Jessica Bennett gets her hair done by Ciara McNally at Blow Dry Bar in Raine Square. Picture: Sharon Smith/The West Australian

Women who feel the pressure to look immaculate know that beauty routines can be time consuming and expensive.

The Australian cosmetic and toiletry retail industry is worth an estimated $2.5 billion, according to business analyst IBISWorld.

Facials, body scrubs and wraps, manicures, pedicures, hair removal, fake tanning, make-up, lotions, lash tinting, fake lashes - looking beautiful can cost a small fortune and, in the case of waxing, it can really hurt.

Even pregnant women are not immune to the pressure to look amazing - hence the often-used term "Yummy Mummy".

Men also are willing to part with their hard-earned cash for a touch of "manscaping" and other grooming routines.

And then there is hair. Fashion trends dictate the look of the season when it comes to hair - be it long, short, straight or curly.

Keep an eye on your colleague with the perfectly straightened locks next time it rains or humidity is high - see how quickly she'll run on her sky-high red-soled Louboutins to protect the hair she had professionally blow-dried for $70. Frizzy hair is Immaculate Woman's worst enemy.

Nathan Cuneen thinks he can solve that problem for women working in the CBD. The Eastern States-based franchise owner is thrilled about the opening of Perth's first Blow Dry Bar in the new $500 million Raine Square development.

Mr Cuneen established Blow Dry Bar in Sydney in 2008 and the franchise has grown to 16 salons across Australia, with another 12 under construction and plans to take the concept overseas.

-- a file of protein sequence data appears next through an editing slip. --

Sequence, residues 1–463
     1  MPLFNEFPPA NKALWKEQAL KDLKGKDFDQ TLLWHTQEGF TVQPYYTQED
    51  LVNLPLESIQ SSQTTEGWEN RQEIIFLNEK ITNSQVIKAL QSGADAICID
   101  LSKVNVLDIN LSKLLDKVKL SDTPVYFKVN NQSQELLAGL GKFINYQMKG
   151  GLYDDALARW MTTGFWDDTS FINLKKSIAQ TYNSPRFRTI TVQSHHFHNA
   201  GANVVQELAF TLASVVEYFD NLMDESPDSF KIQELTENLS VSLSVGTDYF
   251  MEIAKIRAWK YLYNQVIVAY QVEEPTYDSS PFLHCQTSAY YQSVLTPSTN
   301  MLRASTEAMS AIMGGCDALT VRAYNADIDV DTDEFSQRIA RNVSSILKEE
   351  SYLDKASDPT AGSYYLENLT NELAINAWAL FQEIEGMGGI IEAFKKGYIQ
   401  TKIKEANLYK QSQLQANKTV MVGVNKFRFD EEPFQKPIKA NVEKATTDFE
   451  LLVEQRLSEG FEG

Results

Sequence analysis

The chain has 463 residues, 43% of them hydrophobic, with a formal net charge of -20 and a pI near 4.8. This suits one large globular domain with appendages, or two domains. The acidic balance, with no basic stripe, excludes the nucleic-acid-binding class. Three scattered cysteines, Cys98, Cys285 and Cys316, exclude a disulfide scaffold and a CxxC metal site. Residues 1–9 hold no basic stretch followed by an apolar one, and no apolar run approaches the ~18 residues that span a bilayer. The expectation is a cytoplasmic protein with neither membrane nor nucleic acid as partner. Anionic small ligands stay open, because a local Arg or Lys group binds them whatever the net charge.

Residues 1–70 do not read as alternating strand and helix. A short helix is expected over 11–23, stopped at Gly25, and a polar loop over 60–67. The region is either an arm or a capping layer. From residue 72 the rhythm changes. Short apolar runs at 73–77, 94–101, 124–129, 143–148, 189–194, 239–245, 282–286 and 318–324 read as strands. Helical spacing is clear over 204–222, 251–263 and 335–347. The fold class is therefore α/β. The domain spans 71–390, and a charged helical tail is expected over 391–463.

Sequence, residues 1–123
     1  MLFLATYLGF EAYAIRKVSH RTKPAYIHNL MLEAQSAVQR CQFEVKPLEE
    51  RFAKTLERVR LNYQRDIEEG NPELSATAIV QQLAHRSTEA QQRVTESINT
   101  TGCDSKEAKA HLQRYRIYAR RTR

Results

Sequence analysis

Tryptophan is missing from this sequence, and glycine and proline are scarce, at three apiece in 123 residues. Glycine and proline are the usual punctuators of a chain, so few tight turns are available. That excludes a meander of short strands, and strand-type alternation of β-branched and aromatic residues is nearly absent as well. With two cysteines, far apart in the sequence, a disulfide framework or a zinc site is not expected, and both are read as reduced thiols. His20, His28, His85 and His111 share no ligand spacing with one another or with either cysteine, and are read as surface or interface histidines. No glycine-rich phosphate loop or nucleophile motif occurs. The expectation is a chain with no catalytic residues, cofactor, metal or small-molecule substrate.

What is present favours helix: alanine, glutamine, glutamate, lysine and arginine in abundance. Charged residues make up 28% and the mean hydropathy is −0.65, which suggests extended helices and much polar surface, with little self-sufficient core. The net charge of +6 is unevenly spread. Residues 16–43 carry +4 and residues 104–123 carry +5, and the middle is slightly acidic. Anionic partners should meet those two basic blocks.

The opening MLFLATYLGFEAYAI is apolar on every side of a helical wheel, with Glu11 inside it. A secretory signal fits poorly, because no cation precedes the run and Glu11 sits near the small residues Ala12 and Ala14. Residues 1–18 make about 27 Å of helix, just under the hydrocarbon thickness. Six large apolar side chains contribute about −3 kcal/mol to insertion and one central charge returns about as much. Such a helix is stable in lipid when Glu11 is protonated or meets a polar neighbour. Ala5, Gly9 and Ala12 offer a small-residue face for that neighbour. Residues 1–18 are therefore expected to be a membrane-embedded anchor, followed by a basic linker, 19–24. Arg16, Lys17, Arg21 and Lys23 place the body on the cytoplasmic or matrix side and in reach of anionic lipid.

Perth would have 2-3 salons in the next six months.

"The goal is to have 150-200 in Australia and more than 500 in the United States," Mr Cuneen said.

The first Blow Dry Bar concept store in the US has been earmarked for Manhattan in early 2013.

Mr Cuneen said he had identified a gap in the beauty market for hair salons to cater to a demand for quicker and more-affordable services.

"Our goal is to be No.1 in the market," he said.

For $35, women can have their hair washed and blow-dried. The salons also offer cut and colour options, plus treatments and extensions, but 80 per cent of traffic - which encourages walk-ins - is based on blow-drying.

Mr Cuneen said his cheaper and quicker salon options would not be at the expense of quality.

"It's all about the consumer experience and exceptional customer service, so our Blow Dry Bar training academy focuses on providing that," he said.

The West Australian

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